What people need to learn from Honduran prison riot

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We don’t cover a lot of news out of Honduras because, well, we don’t. When there’s a story relevant to the Second Amendment in some way, shape, or form, we will, but otherwise it’s not something we figure you’ll want to read.


Today, there is. There’s a prison riot going on there that is pretty ugly.

And there are lessons people need to learn from it.

A fight between rival gangs at a women’s prison in Honduras on Tuesday quickly escalated into a riot that killed dozens of inmates.

The riot at the prison in Tamara, around 30 miles outside the capital city of Tegucigalpa, started after rival gangs Barrio 18 and MS-13 clashed inside the facility early Tuesday morning.

Sandra Rodríguez Vargas, the assistant commissioner for Honduras’ prison system, said attackers cleared out security guards at 8 a.m. Tuesday then opened gates to an adjoining cell block. The women started a fire and started massacring the other inmates with weapons.

Honduran President Xiomara Castro decried the “monstrous murder” of 46 inmates, which she blamed on street gangs. Authorities found dozens of bodies after the fighting subsided, with some of the victims believed to have no ties to either of the gangs that instigated the incident.

Now, women are generally not as violent as men.

Further, prisons are the most secure places you’re going to find. Sure, this is Honduras and not somewhere in the US, but they still have a lot more control over what comes into that environment than your average neighborhood could ever possibly have.


And yet, a single prison riot has resulted in the murder of 46 inmates.

It’s awful. I don’t know what any of the victims did to be in prison, but few deserve such a fate.

Here in the US, we have a lot of people who seem to think that we can have perfect safety, and that if we pass enough gun control, we will have it. I say that because some advocates like to claim that so-called gun violence is a violation of people’s rights and that curtailing the Second Amendment is necessary to preserve those people’s rights.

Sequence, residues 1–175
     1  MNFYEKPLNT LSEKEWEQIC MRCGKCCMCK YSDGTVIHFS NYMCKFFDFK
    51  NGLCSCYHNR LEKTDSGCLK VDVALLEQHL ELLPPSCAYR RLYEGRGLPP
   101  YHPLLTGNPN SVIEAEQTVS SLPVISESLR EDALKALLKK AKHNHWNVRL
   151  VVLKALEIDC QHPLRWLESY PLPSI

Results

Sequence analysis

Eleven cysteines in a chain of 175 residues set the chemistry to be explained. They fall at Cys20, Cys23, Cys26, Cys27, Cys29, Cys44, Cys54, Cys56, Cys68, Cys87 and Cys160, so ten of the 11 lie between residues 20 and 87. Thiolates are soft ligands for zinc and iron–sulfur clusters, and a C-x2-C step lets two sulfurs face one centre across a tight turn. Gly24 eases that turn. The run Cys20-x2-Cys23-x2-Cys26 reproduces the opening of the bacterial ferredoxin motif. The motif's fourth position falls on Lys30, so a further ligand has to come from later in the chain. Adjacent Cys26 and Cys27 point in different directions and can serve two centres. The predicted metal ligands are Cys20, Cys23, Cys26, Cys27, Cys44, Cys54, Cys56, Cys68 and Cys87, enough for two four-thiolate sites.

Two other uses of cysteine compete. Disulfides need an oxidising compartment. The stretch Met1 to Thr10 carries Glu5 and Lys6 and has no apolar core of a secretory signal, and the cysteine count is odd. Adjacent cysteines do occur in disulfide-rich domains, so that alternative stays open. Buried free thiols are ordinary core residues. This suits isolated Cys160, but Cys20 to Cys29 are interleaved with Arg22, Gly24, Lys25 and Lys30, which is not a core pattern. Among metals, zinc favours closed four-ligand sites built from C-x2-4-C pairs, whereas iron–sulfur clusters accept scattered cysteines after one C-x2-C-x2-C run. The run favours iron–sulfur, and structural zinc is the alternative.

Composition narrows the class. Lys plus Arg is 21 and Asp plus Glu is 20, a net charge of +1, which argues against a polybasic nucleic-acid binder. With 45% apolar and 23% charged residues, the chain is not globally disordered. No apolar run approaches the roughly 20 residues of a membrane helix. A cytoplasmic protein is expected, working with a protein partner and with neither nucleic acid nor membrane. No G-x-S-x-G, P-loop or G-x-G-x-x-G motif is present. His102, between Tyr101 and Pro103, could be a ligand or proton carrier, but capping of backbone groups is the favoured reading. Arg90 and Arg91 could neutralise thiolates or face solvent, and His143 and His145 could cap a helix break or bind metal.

If that’s the case, any homicide is a human rights violation and failure to pass laws preventing such a thing is an infringement on those rights.

Yet this is a prison riot. It’s in an environment where there is far more control than you’ll ever get somewhere that’s pretending to be a free society. Even dictatorships look at the control of even a poor Honduran prison with envy.

If they can’t guarantee personal safety for people inside, why does anyone think that can be guaranteed anywhere else?

Further, one contributing factor here is that none of the victims had the means to defend themselves.

Now, I’m not saying we should let prison inmates have guns. I get that prohibition is there and no one is interested in changing it. What I’m saying, though, is that denying people the means to defend themselves doesn’t make them safer. It does the opposite.


The United States can’t become a prison. As such, this idea that we can prevent violent outcomes is a myth. This prison riot shows us rather plainly it is a myth.

So it’s time to stop pretending you can create some kind of safety net by denying people’s rights, all in this misguided and wrongheaded notion that by doing so, you’re the one really protecting people’s rights.

If you take on that role, you’ll fail. It’s inevitable.

Instead, empower people to protect themselves and work to guide people away from that kind of path.

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